On Monday, Slate ran an article from Future Tense by Evgeny Morozov called Warning: This Site Contains Conspiracy Theories – Anti-vaccine activists, 9/11 deniers and Google’s social search. The article is based on a recent study in Vaccine that examined the strategies, tactics and content of several anti-vaccination websites. I would highly recommend reading the study if you have an interest in online science-based communication.
The study’s author, Anna Kata of the department of anthropology at McMaster University, outlines how anti-vaccination websites increase their own relevancy in Google search results through a myriad of what is essentially SEO, one-way and three-way link exchanges.
While Kata briefly notes possible solutions to the SEO issue, Morozov goes a step further by recommending two possible solutions: 1. A browser extension that would ‘red flag’ websites that use anti-science keywords and 2. For Google to “exercise a heavier curatorial control in presenting search results.”
I take issue with both of these proposed solutions. Before I go forward, in order to ward off starting any conspiracy theories of my own, I would like to state explicitly that to the best of my knowledge Google isn’t investigating or implementing either of the options suggested by Morozov. Continue reading
I’m not a doctor or a grief counselor but social media has turned me into one and it is turning us all into first responders, for better or worse.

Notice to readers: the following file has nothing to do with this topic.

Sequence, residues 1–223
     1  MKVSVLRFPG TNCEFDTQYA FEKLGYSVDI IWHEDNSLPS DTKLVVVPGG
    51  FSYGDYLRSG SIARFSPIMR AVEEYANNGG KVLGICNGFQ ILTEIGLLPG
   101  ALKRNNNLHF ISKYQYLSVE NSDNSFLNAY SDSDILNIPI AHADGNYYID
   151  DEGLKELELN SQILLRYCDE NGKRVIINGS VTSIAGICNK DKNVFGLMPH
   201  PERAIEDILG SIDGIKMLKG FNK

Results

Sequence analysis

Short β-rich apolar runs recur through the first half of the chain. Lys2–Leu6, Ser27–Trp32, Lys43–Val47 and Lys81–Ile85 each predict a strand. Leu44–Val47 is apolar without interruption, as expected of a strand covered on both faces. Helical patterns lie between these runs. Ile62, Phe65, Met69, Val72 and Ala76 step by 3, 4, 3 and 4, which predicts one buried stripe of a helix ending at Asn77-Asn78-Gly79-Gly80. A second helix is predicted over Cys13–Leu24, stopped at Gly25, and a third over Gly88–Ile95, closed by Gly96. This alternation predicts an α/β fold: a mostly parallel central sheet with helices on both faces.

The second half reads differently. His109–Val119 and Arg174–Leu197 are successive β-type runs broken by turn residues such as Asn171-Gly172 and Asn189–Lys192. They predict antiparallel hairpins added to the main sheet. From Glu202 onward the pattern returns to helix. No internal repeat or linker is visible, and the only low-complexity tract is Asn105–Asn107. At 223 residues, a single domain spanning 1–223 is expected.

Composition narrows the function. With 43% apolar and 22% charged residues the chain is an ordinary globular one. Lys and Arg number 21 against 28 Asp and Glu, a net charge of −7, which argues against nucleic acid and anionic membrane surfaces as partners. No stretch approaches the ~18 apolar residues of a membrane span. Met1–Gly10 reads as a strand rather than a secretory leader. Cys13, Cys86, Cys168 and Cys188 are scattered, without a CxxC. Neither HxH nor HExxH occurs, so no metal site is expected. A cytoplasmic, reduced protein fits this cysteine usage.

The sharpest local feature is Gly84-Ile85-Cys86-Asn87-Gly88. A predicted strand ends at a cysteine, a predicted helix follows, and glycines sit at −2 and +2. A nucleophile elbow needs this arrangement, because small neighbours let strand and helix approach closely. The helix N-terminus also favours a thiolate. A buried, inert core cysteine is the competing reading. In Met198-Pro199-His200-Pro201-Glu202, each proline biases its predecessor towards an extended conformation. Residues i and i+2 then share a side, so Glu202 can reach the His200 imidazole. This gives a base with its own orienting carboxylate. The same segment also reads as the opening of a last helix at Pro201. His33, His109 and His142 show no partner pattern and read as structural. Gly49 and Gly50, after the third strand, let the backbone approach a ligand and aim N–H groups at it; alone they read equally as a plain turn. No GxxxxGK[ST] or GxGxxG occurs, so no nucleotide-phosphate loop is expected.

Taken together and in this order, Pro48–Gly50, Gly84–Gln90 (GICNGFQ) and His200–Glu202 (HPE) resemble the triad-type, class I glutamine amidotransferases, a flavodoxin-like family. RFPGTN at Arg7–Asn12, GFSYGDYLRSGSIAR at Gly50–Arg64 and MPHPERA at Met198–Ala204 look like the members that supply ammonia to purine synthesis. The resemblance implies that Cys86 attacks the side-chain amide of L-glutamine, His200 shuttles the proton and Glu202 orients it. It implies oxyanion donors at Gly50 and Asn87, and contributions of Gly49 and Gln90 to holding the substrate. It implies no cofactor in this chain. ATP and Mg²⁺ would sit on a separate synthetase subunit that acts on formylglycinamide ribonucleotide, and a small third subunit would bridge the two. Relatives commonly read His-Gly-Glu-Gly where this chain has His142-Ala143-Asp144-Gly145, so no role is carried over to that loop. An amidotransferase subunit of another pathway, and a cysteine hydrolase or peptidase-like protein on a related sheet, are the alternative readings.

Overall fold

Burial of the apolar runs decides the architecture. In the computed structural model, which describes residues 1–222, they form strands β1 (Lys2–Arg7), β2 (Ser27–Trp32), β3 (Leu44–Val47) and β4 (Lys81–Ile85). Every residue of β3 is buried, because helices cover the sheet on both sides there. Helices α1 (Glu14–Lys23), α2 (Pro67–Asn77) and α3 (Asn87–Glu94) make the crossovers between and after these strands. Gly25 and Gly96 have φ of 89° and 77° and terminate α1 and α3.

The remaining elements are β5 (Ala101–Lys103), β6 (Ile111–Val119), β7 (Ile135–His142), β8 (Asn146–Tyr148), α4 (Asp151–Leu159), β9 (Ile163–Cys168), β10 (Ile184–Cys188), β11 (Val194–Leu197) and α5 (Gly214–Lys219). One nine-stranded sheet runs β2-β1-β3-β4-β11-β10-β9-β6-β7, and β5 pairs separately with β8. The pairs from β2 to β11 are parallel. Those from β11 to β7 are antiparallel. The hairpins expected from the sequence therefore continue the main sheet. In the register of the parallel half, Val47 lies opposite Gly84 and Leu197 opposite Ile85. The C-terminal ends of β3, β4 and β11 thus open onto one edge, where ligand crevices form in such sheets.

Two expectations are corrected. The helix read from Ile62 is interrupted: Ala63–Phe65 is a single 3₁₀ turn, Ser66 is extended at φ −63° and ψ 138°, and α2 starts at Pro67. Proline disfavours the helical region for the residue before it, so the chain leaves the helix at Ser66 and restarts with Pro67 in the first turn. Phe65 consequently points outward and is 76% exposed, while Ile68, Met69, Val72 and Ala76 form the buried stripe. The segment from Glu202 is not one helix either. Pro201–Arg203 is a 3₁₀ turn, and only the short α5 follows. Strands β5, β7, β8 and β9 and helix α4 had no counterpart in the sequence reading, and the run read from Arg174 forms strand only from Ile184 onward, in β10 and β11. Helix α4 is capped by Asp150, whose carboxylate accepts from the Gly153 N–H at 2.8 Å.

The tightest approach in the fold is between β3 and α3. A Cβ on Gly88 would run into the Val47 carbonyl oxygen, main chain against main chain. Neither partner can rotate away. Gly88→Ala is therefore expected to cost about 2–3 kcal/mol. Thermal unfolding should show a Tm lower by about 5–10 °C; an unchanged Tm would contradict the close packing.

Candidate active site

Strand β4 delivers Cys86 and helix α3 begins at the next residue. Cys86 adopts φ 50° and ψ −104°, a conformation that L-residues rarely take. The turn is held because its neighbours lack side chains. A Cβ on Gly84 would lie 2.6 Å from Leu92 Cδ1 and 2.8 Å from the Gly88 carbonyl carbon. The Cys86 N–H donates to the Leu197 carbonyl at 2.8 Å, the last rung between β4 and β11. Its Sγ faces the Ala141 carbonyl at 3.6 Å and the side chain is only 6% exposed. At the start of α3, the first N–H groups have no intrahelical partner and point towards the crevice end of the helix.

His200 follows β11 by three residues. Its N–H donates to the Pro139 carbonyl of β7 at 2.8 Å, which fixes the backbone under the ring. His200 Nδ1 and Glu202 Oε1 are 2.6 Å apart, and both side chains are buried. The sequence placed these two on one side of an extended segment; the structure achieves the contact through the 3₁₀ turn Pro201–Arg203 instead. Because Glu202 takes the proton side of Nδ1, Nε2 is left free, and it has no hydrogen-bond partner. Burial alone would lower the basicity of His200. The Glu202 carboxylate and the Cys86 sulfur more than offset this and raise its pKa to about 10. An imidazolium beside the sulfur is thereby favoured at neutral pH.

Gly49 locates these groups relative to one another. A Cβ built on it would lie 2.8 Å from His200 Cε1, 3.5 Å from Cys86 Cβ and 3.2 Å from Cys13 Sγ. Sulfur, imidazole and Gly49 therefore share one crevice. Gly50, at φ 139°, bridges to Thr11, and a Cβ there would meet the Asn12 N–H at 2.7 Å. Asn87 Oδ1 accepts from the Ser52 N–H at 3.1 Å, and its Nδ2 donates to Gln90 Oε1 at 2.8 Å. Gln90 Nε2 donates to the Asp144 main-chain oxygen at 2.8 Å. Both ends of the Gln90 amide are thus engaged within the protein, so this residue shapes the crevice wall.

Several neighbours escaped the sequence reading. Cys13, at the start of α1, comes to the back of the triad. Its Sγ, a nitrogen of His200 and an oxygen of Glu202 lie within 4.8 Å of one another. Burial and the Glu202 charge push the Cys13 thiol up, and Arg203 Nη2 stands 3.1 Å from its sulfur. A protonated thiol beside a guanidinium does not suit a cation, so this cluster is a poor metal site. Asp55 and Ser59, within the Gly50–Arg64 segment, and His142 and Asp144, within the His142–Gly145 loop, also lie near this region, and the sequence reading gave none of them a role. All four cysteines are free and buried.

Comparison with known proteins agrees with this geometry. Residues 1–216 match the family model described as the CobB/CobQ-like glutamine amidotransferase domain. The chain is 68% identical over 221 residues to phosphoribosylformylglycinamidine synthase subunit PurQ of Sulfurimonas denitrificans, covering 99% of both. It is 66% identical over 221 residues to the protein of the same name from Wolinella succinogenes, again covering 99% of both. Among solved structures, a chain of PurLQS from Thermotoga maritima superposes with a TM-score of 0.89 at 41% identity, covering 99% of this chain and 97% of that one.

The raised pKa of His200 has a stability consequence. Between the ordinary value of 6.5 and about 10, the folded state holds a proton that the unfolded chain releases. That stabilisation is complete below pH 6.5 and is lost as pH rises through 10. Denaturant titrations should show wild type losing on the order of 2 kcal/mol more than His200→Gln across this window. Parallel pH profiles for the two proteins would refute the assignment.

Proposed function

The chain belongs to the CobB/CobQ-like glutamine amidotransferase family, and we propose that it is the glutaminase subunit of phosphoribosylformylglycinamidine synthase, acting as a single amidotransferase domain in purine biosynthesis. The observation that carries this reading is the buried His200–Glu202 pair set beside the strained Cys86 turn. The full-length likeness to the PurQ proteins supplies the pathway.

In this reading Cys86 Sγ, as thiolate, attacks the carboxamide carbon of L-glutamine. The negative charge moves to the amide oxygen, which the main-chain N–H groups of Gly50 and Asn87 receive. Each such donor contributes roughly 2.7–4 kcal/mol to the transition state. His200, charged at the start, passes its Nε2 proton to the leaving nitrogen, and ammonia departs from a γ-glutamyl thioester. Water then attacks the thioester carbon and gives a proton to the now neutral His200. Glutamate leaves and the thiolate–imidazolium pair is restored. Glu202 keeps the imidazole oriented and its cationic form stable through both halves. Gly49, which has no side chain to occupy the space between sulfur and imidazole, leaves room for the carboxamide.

Last year a friend posted Facebook that she was going to take her daughter, who had a fever, to a minute clinic to get her annual flu shot. Her reasoning seemed sound at first blush: She was tight on time and her daughter was already sick and already miserable, so why not bite the bullet and do it now?
Several friends had weighed in on her status empathizing with her predicament. I jumped in an urged her to wait at least 48 hours after her daughter’s fever had broken to have her vaccinated, or at least take her daughter to a walk-in clinic that night where a physician would oversee the immunization. After my comment, my friend called the on-call nurse who told her the same thing. Continue reading
When I was in my mid-20s, like most, I went through a career shift. I had moved to the States with my husband and found a job at a company I liked, but didn’t feel purposeful. I was 27 and knew it was time to go back to school.
I started taking classes at a local in-state university and settled on communication. I liked it well enough, I had been doing it for years and I told myself that I could work for a non-profit when I graduated and somehow change the world that way.
At the same time the H1N1 pandemic flu outbreak began to garner attention on the news. I paid little attention to it. I had always gotten my flu shot, less out of a greater responsibility to prevent the spread of the flu, but because I didn’t want to get the flu myself. At the time, I reasoned that I would get the H1N1 flu shot once it was opened up to those who weren’t in a priority group. Until I could get the shot I reasoned that I wasn’t likely to get H1N1 and that it wouldn’t be severe if I got it.
Sound familiar, risk communicators?
Then I got it. Continue reading